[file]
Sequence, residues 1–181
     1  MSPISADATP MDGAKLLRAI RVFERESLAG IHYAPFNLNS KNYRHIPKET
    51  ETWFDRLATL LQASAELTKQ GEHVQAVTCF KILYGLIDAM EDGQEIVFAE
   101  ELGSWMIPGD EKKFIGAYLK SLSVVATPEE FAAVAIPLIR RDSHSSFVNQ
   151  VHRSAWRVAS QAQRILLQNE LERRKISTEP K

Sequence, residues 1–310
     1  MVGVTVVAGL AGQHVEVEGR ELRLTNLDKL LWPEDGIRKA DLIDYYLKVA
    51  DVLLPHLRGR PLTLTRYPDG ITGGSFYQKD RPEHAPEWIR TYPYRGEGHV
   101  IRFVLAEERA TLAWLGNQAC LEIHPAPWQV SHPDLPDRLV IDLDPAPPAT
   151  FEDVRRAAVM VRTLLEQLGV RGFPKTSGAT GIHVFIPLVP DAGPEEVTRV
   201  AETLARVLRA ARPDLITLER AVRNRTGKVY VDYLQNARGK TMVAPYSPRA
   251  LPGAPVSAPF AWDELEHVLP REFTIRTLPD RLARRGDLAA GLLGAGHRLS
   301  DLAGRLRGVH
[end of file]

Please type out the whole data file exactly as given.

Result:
Sequence, residues 1–181
     1  MSPISADATP MDGAKLLRAI RVFERESLAG IHYAPFNLNS KNYRHIPKET
    51  ETWFDRLATL LQASAELTKQ GEHVQAVTCF KILYGLIDAM EDGQEIVFAE
   101  ELGSWMIPGD EKKFIGAYLK SLSVVATPEE FAAVAIPLIR RDSHSSFVNQ
   151  VHRSAWRVAS QAQRILLQNE LERRKISTEP K

Sequence, residues 1–310
     1  MVGVTVVAGL AGQHVEVEGR ELRLTNLDKL LWPEDGIRKA DLIDYYLKVA
    51  DVLLPHLRGR PLTLTRYPDG ITGGSFYQKD RPEHAPEWIR TYPYRGEGHV
   101  IRFVLAEERA TLAWLGNQAC LEIHPAPWQV SHPDLPDRLV IDLDPAPPAT
   151  FEDVRRAAVM VRTLLEQLGV RGFPKTSGAT GIHVFIPLVP DAGPEEVTRV
   201  AETLARVLRA ARPDLITLER AVRNRTGKVY VDYLQNARGK TMVAPYSPRA
   251  LPGAPVSAPF AWDELEHVLP REFTIRTLPD RLARRGDLAA GLLGAGHRLS
   301  DLAGRLRGVH